Glaisyers RTA and Credit Hire Team has successfully concluded a claim for uninsured losses where proceedings had already been issued (and concluded) in a separate court claim for other losses arising from the same accident. This was achieved despite the Defendants solicitors applying to strike out the case as an “abuse of process”.
The team successfully opposed the application and went on to recover significant credit hire losses for their client.
In the case, the Defendant’s solicitors were aware of the involvement of two different sets of solicitors acting on behalf of the claimant – one to recover insured losses; and Glaisyers, to recover uninsured losses, throughout the life of the claim. The majority of the uninsured losses were made up of credit hire charges and were considerably more than the entire insured loss claim presented by the other solicitor’s action on behalf of the injured party. Despite clearly being aware of the involvement of two different solicitors, when proceedings were issued for insured losses, the Defendant’s solicitor sought to communicate an offer to settle “all heads of claim in full and final settlement” with only one of the Claimant’s solicitors notwithstanding it had already received a demand for payment of the hire well in excess of what it was offering to conclude all matters.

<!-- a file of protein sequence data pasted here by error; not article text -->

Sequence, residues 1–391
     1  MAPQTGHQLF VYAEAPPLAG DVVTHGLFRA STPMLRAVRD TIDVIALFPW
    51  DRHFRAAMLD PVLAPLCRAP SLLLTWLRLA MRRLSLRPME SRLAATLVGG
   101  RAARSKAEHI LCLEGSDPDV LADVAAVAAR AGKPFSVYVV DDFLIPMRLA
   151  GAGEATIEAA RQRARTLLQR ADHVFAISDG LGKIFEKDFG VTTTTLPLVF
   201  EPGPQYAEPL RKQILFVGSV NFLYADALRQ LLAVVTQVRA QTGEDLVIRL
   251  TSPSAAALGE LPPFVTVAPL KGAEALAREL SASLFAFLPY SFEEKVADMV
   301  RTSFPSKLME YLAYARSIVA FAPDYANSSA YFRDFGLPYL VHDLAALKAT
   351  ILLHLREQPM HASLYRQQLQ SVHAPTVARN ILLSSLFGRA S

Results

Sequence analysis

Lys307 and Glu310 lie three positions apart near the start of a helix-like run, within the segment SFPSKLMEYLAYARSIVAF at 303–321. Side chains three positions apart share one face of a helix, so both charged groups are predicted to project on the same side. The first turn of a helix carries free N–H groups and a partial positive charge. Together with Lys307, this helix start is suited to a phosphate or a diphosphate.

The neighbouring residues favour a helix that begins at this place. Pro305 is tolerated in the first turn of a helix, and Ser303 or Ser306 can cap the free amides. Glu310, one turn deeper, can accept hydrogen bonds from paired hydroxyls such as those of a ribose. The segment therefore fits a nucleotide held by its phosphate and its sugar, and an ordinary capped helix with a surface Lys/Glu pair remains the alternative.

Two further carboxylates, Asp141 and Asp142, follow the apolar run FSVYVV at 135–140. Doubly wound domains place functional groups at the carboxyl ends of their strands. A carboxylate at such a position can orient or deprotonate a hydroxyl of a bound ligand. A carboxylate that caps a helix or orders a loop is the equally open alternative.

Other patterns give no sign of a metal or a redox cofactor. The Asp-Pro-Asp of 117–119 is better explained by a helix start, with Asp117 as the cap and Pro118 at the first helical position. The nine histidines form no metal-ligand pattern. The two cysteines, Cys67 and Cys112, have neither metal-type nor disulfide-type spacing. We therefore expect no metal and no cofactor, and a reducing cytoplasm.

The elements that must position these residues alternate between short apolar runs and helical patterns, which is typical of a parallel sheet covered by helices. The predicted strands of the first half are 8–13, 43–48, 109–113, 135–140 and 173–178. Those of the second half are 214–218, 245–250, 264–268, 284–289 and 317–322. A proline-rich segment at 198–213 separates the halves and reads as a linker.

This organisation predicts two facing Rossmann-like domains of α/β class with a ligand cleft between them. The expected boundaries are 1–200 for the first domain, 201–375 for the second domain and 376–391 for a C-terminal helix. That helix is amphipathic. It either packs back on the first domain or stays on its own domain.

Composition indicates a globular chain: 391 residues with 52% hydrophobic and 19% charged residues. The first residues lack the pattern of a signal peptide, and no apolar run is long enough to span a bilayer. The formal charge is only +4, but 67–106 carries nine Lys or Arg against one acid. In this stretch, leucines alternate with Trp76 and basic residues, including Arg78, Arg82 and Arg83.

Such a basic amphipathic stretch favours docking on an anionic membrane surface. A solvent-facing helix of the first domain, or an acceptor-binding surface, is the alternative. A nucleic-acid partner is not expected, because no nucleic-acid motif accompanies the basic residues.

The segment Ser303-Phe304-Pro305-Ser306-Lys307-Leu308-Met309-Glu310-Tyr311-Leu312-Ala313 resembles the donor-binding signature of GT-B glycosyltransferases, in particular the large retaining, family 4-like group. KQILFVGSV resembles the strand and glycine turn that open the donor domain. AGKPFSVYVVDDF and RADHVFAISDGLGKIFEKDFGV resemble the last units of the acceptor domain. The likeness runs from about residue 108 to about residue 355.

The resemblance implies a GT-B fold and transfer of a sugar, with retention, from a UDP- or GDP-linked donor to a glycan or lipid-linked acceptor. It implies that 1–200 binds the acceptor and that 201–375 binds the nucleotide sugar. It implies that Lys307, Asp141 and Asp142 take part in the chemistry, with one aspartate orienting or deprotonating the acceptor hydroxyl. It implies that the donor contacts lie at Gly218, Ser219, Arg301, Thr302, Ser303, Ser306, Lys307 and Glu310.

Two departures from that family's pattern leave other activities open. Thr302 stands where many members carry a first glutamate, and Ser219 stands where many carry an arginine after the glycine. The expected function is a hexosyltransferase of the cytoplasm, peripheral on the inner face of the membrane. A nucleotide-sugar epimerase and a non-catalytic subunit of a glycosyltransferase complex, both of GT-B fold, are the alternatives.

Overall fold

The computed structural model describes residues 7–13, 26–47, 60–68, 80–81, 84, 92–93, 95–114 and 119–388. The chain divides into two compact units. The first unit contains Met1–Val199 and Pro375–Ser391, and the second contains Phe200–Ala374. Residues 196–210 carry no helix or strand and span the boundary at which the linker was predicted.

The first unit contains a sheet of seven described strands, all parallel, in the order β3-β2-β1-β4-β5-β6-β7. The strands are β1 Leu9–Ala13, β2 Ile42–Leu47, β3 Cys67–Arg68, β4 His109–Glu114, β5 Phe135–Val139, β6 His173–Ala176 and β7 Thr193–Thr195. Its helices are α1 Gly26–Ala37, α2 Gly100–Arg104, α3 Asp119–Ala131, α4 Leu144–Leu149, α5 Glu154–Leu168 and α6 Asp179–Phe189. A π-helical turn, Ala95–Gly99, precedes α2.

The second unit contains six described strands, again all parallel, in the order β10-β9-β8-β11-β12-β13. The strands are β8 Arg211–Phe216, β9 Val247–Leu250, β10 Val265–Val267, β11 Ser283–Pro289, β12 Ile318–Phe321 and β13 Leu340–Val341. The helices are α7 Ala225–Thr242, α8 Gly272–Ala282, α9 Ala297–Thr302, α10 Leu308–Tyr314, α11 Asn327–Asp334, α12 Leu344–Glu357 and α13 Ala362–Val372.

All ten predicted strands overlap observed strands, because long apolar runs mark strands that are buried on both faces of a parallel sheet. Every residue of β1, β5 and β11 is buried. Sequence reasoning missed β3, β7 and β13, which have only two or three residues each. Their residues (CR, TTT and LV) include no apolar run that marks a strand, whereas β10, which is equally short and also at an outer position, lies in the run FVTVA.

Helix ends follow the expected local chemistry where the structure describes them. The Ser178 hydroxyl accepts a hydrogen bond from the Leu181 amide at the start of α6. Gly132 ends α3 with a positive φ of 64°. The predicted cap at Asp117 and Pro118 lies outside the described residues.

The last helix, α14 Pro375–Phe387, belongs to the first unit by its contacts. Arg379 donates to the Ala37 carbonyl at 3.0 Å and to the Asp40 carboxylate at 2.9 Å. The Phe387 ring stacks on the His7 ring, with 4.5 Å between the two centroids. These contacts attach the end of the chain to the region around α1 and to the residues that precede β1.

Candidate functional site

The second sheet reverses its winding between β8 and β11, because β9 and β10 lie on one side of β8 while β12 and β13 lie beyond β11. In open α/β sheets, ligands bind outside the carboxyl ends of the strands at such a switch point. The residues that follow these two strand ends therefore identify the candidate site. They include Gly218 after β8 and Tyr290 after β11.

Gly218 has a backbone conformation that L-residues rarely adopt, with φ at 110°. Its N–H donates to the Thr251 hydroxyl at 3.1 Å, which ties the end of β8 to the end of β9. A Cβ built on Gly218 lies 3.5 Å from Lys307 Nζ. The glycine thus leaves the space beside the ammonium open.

When further proceedings were issued for recovery of hire, the Defendant applied to strike out the claim alleging (for the first time) that this matter had already been compromised.
Statements setting out the lengthy chronology of negotiation correspondence were produced in support of the Team’s opposition of the Defendant’s strike out application. In addition the Team raised a number of technical challenges on the validity of the Defendant’s application. The Claimant’s other solicitors had, on reaching settlement, discontinued its action rather than going to the expense of filing a Tomlin Order at court to obtain judgement. Furthermore, the first set of proceedings had been incorrectly issued in the name of the Claimant’s business, which was not a limited company and therefore not a legal entity that could validly pursue a claim.
The interlocutory victory meant that the accident victim in this case continued to have the right to pursue his credit hire losses. Following the decision, which meant the Defendant was not going to gain a windfall on what would have been an unfair technicality, the matter quickly settled thereafter.